Being a highly modernized city, there is an abundance of hotel chains around Seoul in South Korea. Especially nowadays, the tourism industry is rapidly progressing; and so the need for possible accommodations is dire.
While it is nothing but pleasant to stay in Seoul hotels, people who wish to deviate from the usual and get intimate with the Korean culture are invited to stay in hanok guesthouses. Hanok is the term used to refer to traditional Korean houses which we usually see in Korean dramas; and there are so many around the capital city, particularly in the Jongno District.
Among the top choices are as follows:
- Seoul Guesthouse. Considered as the largest and oldest hanok in the famed Bukchon Hanok Village, the Seoul Guesthouse is a primary option for many people who wish not to stay away from the Gwanghwamun Area. Room rates begin at 40,000WON. Facilities like phone, refrigerator, WI-FI internet, cable TV, bathroom and kitchen are for common use, encouraging guests to mingle with others. Seoul Guesthouse takes pride on the Sarangchae, a traditional structure where husbands used to study or meet during the early days, which is surrounded by lush greens. It is located at Gye-dong.
- MaMa Hanok Guesthouse. Just a few steps away from the Changdeok Palace in Waryong-dong, and close to Insa-dong, is the MaMa Hanok Guesthouse. While it does look like a portal to the ultimate traditional Korean experience, its rooms are actually designed with a touch of contemporary. Artworks are hung in the complex, providing the house with lovelier charm. Floors are heated. Wi-Fi is available. Daily breakfasts are served. There are five rooms available for occupancy, two of which (Daughter II & Son II) have private bathrooms. Rates start at 70,000WON.
- Moon Hanok Guesthouse. Settled in a rather hidden area in Unni-dong, the Moon Hanok Guesthouse is a nice refuge for backpackers who wish to experience traditional Korean accommodation. Backed up with a history of over 50 years and is situated close to the Gyeongbok Palace, Gwanghwamun Area, and Insa-dong, the guesthouse is kept well-maintained by its owners for the satisfaction of the guests. Ondol (floor-heating) system is installed and mosquito repellants are available and outdoor walls and floors are made up of red clay, like the olden times. Moon Hanok Guesthouse comprised of two buildings, the bonchae (main) and the byeolchae (annex). The Bonchae is designed with five rooms, three bathrooms, Maru (wooden floor), and a large courtyard; while the byeolchae was designed for more intimate private gatherings with three rooms and two bathrooms. Rates start at 60,000WON. It is where Sehun and Kai went to for their tea ceremony activities on EXO Showtime.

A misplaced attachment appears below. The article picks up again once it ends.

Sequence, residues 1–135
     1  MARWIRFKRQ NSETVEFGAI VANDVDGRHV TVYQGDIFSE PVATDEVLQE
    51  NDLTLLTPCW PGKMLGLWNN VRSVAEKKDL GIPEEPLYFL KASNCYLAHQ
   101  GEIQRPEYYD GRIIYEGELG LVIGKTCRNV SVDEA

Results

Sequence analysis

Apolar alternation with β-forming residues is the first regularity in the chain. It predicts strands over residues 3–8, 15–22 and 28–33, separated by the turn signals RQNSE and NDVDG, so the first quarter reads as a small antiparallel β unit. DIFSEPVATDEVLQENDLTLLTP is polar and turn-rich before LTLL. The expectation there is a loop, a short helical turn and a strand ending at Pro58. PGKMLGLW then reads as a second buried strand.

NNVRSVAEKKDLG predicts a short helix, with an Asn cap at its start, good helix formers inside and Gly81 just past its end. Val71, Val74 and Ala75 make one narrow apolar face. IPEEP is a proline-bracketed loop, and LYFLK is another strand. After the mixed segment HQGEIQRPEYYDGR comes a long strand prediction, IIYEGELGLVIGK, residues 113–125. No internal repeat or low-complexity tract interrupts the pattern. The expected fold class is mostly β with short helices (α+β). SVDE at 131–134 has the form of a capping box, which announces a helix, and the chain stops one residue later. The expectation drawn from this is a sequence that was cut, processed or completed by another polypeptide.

- Bukchon 1 Guesthouse. The biggest among the Bukchon Guesthouses in the Gye-dong area in Jongno-gu, Bukchon 1 assures you an ultimate Korean experience. It was the home of Baeryeom, an oriental painter during the Joseon Dynasty, and was declared as the 35th Registered Cultural Heritage, before it was remodeled and transformed into a lodging venue. Today, the Bukchon 1 Guesthouse features twin, double and triple rooms – all with private bathrooms – with rates starting at 80,000WON. Staying in this guesthouse will surely bring you close to Unhyun and Changdeok Palaces, as well as Insa-dong and Gwanghwamun Square.
To fully understand the Korean heritage, you don’t just try the food and do what usual things to do in Seoul lists suggest. You also try to immerse yourself in their traditional ways of living; and staying in a hanok as the four stated above will surely give you the best opportunity to do so. You don’t just stay in these places, after all. Most owners of guesthouses take the chance to introduce their guests further to the Korean culture and thus hold kimchi-making sessions, tea ceremonies, calligraphy classes, and more. They may even allow you to wear traditional Korean attires, if you wish!
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